What he meant was that it is not merely enough for Christians to make metaphors of all the characters who encountered Christ.   Not everything is a metaphor.  The world Jesus was born into is in some way the same world Jesus is trying to be born in to today…through the witness and lives of the whole body of Christ.  We live in the same circumstance of Jesus’ life. The struggle of discipleship is to see how and then to act accordingly.   Then is the same predicament as the predicament we are in now.   We just have to learn to side with the incarnate, crucified, and resurrected Lord.    We are not meant to simply remember Christmas, we are to recognize it, re-present it , and be it every day of our Christian lives.

I get it. This is rough because I am not quite ready to be as exactly compassionate as Dorothy Day was at the end of her life.   I am clearly not already a Mother Teresa or a Jean Vanier.   Not Yet.  Neither are you…. yet.  And I don’t think Dorothy Day has any interest in drumming up a new legalism… Just how poor does one have to be before one counts as the poor that God favors?    This is not at all the right question.

But if I listen to her well at least I am moving in the right direction.  I am hearing the call of Jesus who stands at my front door and knocks.   I am thinking critically about how radical good news for all people would be.   I can pray as the man in the Gospel of Mark chapter 9 prayed, “ I believe, now help my unbelief.”   Help me, Jesus, to make actual room for you in my house, in my wallet, in my car when I pull up to a stop sign, in my friendships, and in my budget.  You are Lord.  Be born here in me… today.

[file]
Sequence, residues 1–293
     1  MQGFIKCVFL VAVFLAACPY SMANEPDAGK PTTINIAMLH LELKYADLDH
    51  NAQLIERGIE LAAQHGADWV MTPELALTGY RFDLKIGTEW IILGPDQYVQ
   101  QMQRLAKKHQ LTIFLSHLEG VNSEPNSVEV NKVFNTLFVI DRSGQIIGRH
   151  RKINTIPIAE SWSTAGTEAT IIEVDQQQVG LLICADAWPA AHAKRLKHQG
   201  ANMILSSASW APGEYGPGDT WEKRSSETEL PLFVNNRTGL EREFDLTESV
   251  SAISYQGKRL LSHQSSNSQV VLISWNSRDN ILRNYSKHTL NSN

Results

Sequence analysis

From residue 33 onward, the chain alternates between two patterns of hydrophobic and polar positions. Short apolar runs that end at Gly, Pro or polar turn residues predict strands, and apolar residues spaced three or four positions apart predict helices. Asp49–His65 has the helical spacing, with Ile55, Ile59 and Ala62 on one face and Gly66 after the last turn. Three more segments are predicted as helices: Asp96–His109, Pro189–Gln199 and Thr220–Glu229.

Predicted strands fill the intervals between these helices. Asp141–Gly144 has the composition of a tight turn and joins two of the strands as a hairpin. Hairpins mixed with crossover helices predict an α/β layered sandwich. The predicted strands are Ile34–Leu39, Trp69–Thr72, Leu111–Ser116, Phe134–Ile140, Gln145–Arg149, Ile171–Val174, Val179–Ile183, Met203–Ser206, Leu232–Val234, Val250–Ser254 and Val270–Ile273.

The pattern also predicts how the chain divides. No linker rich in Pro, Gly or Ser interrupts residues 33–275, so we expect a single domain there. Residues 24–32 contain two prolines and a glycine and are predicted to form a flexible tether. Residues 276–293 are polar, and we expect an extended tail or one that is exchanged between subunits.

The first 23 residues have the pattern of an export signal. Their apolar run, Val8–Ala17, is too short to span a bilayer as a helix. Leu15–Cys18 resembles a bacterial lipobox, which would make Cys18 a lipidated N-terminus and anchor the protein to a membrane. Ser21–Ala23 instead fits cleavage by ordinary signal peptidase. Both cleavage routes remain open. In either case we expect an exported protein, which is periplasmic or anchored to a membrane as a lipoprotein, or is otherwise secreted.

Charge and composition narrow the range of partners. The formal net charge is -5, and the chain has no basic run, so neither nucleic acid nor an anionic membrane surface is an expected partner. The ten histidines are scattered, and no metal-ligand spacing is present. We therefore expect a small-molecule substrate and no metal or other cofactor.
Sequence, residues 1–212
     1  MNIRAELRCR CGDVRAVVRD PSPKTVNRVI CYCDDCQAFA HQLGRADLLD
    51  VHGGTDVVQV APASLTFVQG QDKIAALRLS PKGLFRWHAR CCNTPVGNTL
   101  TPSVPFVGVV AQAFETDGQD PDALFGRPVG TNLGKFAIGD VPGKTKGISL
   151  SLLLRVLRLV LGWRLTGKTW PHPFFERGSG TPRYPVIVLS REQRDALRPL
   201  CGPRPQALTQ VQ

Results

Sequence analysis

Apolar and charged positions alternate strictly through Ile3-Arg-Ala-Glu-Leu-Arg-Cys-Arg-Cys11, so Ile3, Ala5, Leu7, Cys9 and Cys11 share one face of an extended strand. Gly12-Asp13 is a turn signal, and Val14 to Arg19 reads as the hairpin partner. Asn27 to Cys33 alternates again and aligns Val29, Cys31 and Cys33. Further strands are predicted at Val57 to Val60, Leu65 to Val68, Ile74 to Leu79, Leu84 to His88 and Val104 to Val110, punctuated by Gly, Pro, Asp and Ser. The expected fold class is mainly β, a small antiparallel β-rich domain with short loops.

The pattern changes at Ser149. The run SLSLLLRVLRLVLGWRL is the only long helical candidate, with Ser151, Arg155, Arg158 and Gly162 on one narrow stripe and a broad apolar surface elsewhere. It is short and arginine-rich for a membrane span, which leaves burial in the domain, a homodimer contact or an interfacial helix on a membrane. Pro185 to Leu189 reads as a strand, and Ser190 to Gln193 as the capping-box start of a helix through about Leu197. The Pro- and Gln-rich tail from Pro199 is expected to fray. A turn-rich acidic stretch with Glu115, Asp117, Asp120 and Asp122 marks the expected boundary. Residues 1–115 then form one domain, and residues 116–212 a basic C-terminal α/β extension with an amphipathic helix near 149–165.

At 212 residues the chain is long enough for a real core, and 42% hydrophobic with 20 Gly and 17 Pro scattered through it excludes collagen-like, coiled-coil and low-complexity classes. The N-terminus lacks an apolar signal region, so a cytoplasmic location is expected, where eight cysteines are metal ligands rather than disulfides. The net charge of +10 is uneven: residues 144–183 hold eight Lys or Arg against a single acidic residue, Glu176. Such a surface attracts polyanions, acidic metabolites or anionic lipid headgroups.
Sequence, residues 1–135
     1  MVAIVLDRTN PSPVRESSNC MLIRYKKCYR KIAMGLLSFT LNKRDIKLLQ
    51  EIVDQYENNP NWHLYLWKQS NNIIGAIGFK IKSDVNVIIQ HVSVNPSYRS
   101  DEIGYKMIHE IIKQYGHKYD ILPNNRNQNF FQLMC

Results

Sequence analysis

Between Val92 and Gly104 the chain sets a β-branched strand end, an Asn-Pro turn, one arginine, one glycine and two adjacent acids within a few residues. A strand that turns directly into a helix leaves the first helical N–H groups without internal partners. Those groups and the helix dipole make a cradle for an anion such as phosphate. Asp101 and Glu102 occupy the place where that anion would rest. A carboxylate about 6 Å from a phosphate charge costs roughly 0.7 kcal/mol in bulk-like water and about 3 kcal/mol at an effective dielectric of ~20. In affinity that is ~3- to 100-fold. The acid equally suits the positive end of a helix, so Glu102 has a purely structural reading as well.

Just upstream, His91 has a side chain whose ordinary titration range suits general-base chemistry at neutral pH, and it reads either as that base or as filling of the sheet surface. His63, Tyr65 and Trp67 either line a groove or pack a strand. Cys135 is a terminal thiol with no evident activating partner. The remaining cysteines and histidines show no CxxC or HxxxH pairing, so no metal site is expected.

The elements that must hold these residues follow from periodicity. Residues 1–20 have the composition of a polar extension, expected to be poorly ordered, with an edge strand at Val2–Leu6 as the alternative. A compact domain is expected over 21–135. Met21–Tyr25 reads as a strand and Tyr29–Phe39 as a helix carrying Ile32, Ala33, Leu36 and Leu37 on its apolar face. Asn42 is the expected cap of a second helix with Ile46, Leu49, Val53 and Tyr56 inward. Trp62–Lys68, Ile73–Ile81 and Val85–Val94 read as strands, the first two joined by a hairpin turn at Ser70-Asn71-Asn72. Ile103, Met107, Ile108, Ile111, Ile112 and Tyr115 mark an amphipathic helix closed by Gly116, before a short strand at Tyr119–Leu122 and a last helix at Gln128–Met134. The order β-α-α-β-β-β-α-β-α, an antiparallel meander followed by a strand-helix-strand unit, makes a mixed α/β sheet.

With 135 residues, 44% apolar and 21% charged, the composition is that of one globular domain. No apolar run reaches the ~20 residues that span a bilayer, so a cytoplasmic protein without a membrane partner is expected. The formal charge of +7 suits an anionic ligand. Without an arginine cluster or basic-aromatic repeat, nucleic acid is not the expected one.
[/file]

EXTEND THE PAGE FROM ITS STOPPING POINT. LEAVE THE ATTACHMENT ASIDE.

“It is no use to say that we are born two thousand years too late to give room to Christ. Nor will those who live at the end of the world have been born too late,” said Dorothy Day.    “Do you have room for Christ?” she asks plainly. “Great, then scoot over because he is here… hiding in the poor, now act accordingly.”

-Doug Harrison

December 18

A few months ago, I was running around the house like a crazy person. It seemed important then, though of course now I can’t remember why. My two-and-a-half year old daughter – who had recently delved deep into imaginative play – tugged on my skirt and said, “Mama, this is your food!” I wiped the dishwater from my hands and reached down to pretend to eat whatever odd object she had found this time.  In her hands she held a tiny nativity scene.

Subtle, God.

Of course, my first reaction was to grab my phone and get a picture, because that is Instagram GOLD. As I fumbled with the phone, trying to get the camera focused properly, my daughter dropped the nativity scene and it broke in several places.

Whew.

As today’s reading tells us, “Human things can be holy, very full of God”. I find it is easy to see a world full of God’s holiness and glory on a cool quiet morning. It’s a bit harder in traffic or when my schedule is way overbooked or with toddlers destroying the house faster than I can clean.

Of course God comes to us a baby. A baby is, in its own way, equal parts demanding and unassuming; everyone around her is forever changed. A baby takes up real estate in your heart and mind and consciousness, changing the way you see and do and encounter the everyday.

Baby Jesus breaks through the busyness and the frustration and the never-ending to do list. It is easy to see the things of this world taking up space and time that we wish we could fill with God. And then the angels (sometimes in toddler form) appear and urge us, “Behold!”  Advent is our invitation to make space in our hearts and minds and lives, so that we may see that this life already is holy and full of God.

-Erin McClure